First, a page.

All Whites 6 Solomon Islands 1

Football fans - start planning for a capital invasion in November.

The All Whites are all but through to the final stage of their World Cup qualifying journey, after an impressive 6-1 win over the Solomon Islands last night.

Indeed, a few words from the opposition coach summed up the prevailing sentiment around QBE Stadium ahead of the return leg in Honiara on Tuesday afternoon.

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"It's pretty obvious," said Solomon Islands coach Felipe Vega-Arango. "I shouldn't say this but this is kind of over. We are not going to beat New Zealand 5-0."

All Whites coach Anthony Hudson disagreed, saying that "the job is not done", but last night was almost the perfect scenario for New Zealand Football - an emphatic result, a decent crowd and some sparkling football on a pleasant winter's night.

And to top it off, a superb Chris Wood hat-trick, only the second for the All Whites since 2004.

The scoreline could have been even higher based on the amount of chances created, and Hudson was disappointed with the penalty conceded in the second half.

But overall it was an assured performance, with Wood the central figure.

The Burnley striker was a class above, showing the local crowd why his English Premier League side paid a club record £15 million ($26 million) for his services.

He capped a virtuoso display with a 25m free kick in the 93rd minute, after going close with several other second-half chances.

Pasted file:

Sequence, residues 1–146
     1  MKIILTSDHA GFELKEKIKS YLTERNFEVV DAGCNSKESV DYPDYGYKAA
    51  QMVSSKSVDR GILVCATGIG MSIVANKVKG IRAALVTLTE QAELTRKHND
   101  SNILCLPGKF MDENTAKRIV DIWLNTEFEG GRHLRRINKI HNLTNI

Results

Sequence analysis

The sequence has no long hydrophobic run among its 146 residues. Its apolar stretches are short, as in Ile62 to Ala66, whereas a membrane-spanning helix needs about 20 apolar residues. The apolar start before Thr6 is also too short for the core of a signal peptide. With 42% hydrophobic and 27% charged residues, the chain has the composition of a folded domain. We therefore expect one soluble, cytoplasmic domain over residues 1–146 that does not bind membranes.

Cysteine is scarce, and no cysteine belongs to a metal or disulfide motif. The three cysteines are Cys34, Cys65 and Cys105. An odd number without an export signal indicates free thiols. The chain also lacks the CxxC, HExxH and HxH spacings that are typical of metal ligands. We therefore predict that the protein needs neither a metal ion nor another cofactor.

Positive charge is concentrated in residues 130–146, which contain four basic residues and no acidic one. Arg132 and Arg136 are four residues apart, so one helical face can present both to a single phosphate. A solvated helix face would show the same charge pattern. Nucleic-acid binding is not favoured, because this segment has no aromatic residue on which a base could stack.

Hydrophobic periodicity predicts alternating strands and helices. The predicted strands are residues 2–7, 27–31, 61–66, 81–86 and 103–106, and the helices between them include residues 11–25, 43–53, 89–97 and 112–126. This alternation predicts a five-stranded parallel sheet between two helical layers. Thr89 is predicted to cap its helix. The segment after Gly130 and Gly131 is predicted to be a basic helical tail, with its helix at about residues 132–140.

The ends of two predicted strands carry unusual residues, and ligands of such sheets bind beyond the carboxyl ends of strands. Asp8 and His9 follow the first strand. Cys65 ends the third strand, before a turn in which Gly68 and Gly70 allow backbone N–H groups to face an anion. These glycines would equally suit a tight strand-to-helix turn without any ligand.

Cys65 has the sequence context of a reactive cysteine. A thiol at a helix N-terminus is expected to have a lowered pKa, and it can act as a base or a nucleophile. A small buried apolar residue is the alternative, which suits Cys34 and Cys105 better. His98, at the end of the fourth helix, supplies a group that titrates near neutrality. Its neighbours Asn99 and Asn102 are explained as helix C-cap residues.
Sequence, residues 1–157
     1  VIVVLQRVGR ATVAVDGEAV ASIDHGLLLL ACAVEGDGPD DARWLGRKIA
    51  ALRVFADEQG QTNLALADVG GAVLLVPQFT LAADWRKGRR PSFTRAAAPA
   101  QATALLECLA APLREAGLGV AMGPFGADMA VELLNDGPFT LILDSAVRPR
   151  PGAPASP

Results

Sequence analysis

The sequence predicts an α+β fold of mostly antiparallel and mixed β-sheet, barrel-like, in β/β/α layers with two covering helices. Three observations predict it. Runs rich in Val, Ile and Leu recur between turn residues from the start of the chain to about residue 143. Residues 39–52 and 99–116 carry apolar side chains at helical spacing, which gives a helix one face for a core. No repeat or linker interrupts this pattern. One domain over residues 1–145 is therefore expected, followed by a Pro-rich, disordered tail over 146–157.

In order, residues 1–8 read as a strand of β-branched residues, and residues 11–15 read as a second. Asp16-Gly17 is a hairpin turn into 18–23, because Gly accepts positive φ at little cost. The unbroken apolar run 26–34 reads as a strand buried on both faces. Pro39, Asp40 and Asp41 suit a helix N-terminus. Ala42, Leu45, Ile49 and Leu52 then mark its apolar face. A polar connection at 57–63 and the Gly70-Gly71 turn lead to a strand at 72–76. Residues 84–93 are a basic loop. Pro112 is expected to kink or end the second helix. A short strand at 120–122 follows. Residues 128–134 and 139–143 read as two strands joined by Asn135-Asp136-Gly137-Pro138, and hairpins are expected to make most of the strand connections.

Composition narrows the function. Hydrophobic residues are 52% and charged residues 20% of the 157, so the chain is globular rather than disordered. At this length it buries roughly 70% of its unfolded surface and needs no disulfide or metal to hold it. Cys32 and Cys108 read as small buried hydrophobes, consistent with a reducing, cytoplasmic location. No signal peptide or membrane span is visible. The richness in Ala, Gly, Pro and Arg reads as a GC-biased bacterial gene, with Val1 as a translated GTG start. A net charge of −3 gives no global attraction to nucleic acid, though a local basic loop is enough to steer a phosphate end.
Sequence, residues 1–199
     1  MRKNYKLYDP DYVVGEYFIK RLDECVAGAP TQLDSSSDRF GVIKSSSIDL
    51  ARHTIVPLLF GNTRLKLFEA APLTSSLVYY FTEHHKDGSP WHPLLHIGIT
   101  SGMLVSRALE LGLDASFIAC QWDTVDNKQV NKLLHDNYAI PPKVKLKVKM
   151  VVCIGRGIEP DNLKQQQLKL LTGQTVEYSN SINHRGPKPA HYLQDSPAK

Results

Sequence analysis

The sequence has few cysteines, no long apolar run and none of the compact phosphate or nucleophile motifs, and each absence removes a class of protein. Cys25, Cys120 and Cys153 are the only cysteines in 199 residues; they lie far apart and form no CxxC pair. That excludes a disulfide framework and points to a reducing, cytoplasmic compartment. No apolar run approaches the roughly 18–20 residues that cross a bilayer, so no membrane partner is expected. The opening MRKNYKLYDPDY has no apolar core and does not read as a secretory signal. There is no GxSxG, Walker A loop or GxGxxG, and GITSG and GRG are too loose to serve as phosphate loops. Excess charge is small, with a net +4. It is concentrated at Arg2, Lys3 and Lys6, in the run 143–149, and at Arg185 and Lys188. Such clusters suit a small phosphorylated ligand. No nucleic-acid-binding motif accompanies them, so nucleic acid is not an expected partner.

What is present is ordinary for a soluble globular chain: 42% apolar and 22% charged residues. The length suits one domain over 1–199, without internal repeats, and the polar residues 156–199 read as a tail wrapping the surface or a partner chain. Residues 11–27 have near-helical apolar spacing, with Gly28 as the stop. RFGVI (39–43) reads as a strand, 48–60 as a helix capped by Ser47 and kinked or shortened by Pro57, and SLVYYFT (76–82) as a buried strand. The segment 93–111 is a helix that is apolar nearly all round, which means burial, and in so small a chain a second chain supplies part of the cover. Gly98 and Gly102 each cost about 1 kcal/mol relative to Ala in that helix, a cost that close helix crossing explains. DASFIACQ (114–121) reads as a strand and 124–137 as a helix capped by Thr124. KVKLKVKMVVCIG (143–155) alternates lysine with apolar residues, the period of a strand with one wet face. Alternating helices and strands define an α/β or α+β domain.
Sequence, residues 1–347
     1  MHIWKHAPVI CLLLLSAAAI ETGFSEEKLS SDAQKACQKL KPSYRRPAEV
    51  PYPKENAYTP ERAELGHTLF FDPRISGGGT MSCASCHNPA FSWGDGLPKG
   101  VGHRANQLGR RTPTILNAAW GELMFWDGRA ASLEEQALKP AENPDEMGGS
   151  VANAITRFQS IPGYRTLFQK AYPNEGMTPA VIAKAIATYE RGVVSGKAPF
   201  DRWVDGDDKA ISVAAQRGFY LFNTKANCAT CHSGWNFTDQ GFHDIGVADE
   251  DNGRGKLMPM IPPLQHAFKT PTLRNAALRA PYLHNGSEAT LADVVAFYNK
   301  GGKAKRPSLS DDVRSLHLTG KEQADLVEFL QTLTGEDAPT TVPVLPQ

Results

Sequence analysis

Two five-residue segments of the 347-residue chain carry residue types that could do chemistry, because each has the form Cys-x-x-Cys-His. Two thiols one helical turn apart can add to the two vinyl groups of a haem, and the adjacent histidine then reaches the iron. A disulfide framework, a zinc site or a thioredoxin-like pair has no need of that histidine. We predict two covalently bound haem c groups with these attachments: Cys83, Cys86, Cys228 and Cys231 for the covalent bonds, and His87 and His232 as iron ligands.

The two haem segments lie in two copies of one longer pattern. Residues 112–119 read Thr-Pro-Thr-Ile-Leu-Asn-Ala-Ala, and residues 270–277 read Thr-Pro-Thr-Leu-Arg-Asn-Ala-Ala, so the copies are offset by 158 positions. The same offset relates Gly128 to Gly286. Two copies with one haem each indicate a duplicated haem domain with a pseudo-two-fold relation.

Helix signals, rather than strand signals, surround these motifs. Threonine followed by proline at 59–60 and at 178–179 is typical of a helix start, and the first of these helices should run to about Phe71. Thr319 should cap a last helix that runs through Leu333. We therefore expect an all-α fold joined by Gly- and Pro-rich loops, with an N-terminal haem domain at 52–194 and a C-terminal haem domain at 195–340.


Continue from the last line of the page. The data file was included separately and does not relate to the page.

"There are always going to be chances, it doesn't matter how late on," said Wood. "My job is to score goals and it is always nice to do that."

The result means the All Whites have all but progressed. Honiara will be an extremely different proposition, with a hostile crowd and unforgiving temperatures, but this New Zealand side have the wherewithal to complete the job.

Once they do, they will play the fifth-placed South American team in November in a two-legged playoff for the final ticket to Russia, with the first leg in Wellington.

Argentina currently occupy that spot - after a 0-0 draw in Uruguay yesterday - but any one of seven teams could travel to Wellington, as only five points separate Colombia in second (25 points) from Ecuador in eighth (20 points).

Hudson wouldn't accept any talk of the tie being a foregone conclusion - "I don't even want to think that way, even out of respect for them" - but it's likely there will be a different look to the All Whites team on Tuesday.

Michael Boxall and Michael McGlinchey are set to be rested after picking up yellow cards, and others such as Wood and Ryan Thomas may play reduced minutes.

After all the hype, it was almost inevitable that Wood would open the scoring, and the 25-year-old's clinical left-foot shot in the 18th minute settled some nerves. The second goal was even better, with his sublime chipped finish reminiscent of Eric Cantona in his pomp.

But Wood isn't just flash, he works hard, tracking back to win the ball near his own penalty area at one point, and invariably finds the right pass.

Thomas was also impressive, having a hand in the first three goals, and dispatching the fourth with precision.

But despite the goals, the All Whites were profligate in the first half, and they could have been out of sight at halftime.

Those misses looked costly after Henry Fa'arodo's spot kick in the 53rd minute, which came from a mistimed challenge from Deklan Wynne on Benjamin Totori, but Thomas found the net two minutes later to settle any brief angst among the 10,230 crowd.

McGlinchey's delightful free kick from the edge of the area in the 80th minute rewarded a busy performance, before Wood's coup de grace.

New Zealand 6 (C. Wood 3, K. Barbarouses, R. Thomas, M. McGlinchey).
Solomon Islands 1 (H. Fa'arodo pen).
Halftime: 3-0.


New Zealand 6 (C Wood 3, K Barbarouses, R Thomas, M McGlinchey)
Solomon Islands 1 (H Fa'arodo (pen))
Halftime: 3-0